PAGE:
“[The government believes] the broader and more futuristic play will be [around] mobility,” said Quick. “This is our way of looking at the future and saying, in five to 10 years you are not going to [see] yourself as the fifth largest aerospace nation in the world, you are going to [see] yourself as the number one mobility nation in the world. So how do AI and data and other things play? Minister [Navdeep] Bains is really challenging us to think…about Canada in the future and what [we can] do to contribute.”
“[The supercluster initiative] is different and it’s going to foster collaboration not only within one industry but throughout industry,” Garneau added.
AIAC will work with government to refine the five-year, $1.26 billion Strategic Innovation Fund, a repayable and non-repayable funding program for a range of industrial and technology firms that, among other things, consolidates the Strategic Aerospace and Defence Initiative and Technology Demonstration Program into a single program. It will also be hoping for new funding in Budget 2018 on a new space initiative.
With the official launch in December of a project to replace the Royal Canadian Air Force fleet of 76 CF-188 Hornets, fighter jet procurement will again dominate the aerospace headlines for 2018. Though the focus will be on the acquisition process and the five likely contenders – Lockheed Martin, Boeing, Dassault, Eurofighter and Saab – Quick noted that for Canadian companies it will be more about innovation opportunities.
“When you look at how companies are going to be asked to position their value propositions and their use of Industrial and Technological Benefits, it is really about how do we foster continued innovation and use [defence procurement] programs to be an innovation leader from a global standpoint,” he said.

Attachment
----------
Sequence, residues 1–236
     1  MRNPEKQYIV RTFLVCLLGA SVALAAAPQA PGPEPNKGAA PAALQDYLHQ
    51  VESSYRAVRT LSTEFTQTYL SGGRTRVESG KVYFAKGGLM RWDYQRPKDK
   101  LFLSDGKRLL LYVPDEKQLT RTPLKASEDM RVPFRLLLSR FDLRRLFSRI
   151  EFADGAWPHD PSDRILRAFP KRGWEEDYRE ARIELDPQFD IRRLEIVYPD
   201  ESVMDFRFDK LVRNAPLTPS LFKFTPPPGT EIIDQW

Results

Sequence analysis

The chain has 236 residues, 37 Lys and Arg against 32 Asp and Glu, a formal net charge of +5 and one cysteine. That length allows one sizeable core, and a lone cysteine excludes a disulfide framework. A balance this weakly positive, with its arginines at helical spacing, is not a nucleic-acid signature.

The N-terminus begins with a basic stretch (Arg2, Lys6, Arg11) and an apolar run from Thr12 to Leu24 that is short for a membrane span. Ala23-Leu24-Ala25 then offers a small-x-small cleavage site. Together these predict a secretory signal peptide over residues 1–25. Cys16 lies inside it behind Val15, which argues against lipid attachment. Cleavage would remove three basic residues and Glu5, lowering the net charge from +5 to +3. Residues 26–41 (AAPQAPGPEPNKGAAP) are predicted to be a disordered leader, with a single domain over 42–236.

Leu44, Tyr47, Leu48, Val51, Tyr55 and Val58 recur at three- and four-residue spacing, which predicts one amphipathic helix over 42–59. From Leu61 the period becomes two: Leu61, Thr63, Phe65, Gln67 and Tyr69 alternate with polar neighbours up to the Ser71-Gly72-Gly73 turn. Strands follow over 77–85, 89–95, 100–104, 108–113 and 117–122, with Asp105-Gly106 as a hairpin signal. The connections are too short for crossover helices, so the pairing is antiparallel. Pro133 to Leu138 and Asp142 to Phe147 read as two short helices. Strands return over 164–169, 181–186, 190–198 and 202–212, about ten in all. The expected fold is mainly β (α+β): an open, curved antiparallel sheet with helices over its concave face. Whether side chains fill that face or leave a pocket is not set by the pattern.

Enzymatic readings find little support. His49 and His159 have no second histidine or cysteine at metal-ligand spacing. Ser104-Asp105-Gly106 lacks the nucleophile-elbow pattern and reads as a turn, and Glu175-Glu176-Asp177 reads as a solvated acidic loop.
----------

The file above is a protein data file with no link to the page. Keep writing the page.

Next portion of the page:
The fighter project could help provide greater impetus to a small business initiative launched by John Maris, president of Marinvent, when he was AIAC chair in 2016. Maris, who now leads the association’s small business committee, has proposed a consortium model that would see SMEs with a common area of expertise band together to offer original equipment manufacturers (OEMs) and Tier 1 suppliers a single point of contact for a given capability. Combined with academic research organizations and the support structures of government programs, a consortium could provide tremendous capability to a larger company.
Garneau said she supports the initiative and would be working with the association’s many SMEs to better access government programs and find ways to help them grow.
“The government is talking about the need to scale up smaller companies to make them more competitive from a global supply chain perspective,” Quick noted. One of the things we are doing inside the Innovation and Skills Agenda is directed at how we [can help] companies to grow. When large companies look at the supply chain, they are not just looking for a piece of technology, they also want a company that is going to be successful as a key supplier for them.”